(3) Turner Bequest catalogue online at Tate Britain (Turner's Travels) (2012):
http://www.tate.org.uk/about/projects/jmw-turner-sketchbooks-drawings-watercolours. Professor Hill's
contributions are informed by his research projects: Turner's Tour 1809 (ref. 155); Turner's
Yorkshire Tour 1816 (refs. 144,145, 146, 147, 148, 149); Farnley Hall and Yorkshire related
subjects (refs. 94, 128, 129, 150, 151, 152, 153). (A CD with complete text can be supplied by the
UOA on request).
(4) Hill, David, Turner in the North, (Yale University Press, 1996).
Details of the impact
Hill completed his work for Welcome to Yorkshire over six months, ending in March 2010.
Development work continued for a further year, with Hill as consultant.
`Discover Turner's Yorkshire' began with a Turner Trail, launched in June 2010, identifying seventy
sites depicted by the artist. Each site is marked in some way — in most cases with a distinctive seat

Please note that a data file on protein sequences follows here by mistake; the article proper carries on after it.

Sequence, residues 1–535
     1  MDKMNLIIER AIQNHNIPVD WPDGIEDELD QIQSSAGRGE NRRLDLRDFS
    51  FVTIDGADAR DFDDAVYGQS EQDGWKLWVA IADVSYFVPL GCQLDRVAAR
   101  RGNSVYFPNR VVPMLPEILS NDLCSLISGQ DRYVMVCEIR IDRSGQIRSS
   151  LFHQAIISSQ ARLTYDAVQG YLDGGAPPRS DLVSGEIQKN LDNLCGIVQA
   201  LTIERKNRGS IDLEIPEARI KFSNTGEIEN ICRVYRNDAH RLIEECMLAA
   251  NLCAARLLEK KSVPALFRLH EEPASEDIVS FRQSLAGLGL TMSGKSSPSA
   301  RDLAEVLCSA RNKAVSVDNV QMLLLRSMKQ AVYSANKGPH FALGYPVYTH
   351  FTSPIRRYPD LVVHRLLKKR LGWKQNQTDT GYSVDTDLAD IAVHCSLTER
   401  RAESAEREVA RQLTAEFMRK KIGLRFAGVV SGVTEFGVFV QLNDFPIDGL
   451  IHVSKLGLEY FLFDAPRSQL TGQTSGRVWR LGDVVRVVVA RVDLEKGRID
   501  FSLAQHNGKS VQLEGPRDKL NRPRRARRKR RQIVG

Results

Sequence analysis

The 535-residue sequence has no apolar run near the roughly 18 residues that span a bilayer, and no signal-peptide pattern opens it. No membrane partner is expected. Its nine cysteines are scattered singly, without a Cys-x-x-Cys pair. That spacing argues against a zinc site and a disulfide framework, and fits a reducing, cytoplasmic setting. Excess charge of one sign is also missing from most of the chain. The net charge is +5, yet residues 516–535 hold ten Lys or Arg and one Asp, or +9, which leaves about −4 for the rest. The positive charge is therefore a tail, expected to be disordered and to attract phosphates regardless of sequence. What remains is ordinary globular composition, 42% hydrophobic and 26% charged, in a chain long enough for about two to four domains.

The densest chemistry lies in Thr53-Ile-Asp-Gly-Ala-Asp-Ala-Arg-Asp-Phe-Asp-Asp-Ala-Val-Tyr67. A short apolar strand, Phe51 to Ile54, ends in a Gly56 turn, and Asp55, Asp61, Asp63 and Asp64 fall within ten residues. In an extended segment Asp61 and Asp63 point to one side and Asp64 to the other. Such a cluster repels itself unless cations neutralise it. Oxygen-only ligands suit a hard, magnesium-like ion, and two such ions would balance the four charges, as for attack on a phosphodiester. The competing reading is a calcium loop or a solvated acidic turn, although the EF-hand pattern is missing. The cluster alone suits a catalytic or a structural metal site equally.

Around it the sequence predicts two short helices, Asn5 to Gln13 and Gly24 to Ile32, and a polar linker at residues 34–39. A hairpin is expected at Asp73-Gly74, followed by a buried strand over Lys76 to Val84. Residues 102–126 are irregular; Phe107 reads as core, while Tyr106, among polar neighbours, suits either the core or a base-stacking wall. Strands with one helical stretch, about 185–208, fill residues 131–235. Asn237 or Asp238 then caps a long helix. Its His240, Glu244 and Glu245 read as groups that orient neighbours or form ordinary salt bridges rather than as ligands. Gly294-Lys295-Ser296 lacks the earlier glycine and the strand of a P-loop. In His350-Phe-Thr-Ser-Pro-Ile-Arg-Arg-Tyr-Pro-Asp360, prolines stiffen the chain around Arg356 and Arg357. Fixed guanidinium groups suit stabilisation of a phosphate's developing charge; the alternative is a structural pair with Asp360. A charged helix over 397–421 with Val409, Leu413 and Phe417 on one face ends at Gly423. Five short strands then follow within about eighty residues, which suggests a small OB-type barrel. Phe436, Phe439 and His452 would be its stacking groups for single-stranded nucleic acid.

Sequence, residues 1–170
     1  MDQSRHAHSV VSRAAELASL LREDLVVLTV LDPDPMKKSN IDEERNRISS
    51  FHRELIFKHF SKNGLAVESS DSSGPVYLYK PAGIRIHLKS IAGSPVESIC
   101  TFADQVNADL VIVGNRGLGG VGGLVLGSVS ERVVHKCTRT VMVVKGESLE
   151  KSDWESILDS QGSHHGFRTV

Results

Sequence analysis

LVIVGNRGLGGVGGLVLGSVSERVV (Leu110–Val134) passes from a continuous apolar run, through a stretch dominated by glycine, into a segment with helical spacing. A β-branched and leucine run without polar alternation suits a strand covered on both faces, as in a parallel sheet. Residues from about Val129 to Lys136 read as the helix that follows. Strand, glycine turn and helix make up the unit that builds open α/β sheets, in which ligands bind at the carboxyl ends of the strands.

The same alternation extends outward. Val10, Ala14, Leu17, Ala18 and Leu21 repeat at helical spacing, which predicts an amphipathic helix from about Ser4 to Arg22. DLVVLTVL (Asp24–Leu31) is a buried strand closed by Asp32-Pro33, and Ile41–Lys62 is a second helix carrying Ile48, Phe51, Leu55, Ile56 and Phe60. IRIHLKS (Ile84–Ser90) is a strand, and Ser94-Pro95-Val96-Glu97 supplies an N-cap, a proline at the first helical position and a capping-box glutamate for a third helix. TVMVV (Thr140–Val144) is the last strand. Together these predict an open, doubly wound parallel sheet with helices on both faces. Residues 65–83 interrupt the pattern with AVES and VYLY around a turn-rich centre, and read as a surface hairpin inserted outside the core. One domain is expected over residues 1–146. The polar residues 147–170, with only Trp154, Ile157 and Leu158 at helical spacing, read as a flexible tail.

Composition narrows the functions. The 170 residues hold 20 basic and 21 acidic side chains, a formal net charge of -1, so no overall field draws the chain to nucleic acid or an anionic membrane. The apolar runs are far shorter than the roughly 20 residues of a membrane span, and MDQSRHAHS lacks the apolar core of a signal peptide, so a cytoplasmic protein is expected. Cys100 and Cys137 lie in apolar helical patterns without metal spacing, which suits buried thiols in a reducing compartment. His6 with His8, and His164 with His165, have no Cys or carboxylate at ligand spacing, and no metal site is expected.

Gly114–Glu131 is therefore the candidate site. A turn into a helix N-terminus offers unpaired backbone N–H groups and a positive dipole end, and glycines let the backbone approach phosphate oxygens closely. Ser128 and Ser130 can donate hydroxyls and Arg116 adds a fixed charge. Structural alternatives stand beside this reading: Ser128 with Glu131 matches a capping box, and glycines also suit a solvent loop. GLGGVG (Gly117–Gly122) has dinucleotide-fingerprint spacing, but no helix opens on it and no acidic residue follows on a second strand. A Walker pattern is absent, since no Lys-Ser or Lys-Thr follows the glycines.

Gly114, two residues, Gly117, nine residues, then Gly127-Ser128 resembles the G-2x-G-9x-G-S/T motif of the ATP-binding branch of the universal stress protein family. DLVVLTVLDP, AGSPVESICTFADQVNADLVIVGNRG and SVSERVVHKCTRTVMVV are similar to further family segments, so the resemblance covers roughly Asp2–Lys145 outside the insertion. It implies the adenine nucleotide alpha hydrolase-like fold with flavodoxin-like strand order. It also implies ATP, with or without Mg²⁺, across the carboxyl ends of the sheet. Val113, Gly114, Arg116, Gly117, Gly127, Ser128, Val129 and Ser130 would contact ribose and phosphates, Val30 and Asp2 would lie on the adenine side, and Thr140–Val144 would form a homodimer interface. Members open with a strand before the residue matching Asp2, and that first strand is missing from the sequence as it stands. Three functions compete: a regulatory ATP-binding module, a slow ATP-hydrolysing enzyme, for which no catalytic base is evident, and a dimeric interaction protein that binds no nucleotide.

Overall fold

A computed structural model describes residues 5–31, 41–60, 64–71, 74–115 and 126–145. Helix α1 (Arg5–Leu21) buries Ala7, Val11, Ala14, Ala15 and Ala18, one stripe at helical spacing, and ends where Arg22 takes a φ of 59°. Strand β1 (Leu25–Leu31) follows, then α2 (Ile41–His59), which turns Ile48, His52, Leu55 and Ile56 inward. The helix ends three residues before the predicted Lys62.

and interpretation boards directly attributable to Hill's research — all of which were locally funded
and as a consequence each contributed to the local economy. This highlighted new tourist venues,
as well as directing fresh attention to established attractions. The Yorkshire Tourism Report states:
"in raising the profile of Turner, there has been considerable success in promoting some of
Yorkshire's hidden heritage gems." (c; p.ii)
The Turner Trail was further supported by a number of Welcome to Yorkshire initiatives funded by
the Heritage Lottery Fund (£50,000) and Yorkshire Forward VOTED Support Fund (£20,000).
- A `Discover Turner's Yorkshire' map (e), of which 44,000 copies have been distributed and
an additional 18,000 used by the Turner Trail sites and galleries.
- An accompanying booklet entitled Discover Turner's Yorkshire (d) with widespread national
and international distribution (c). Hill wrote the foreword and all the Turner Trail location
- An extensive (and permanent) Yorkshire Turner Trails website (a). This is built around an
interactive map derived from Hill's Google Earth material and offers a range of innovative,
technology-based methods of exploring the artist's Yorkshire journeys. One of the most
fully developed artist-themed tourist initiatives across both print and new media, it features:
- Descriptions of each site and Turner's association with it.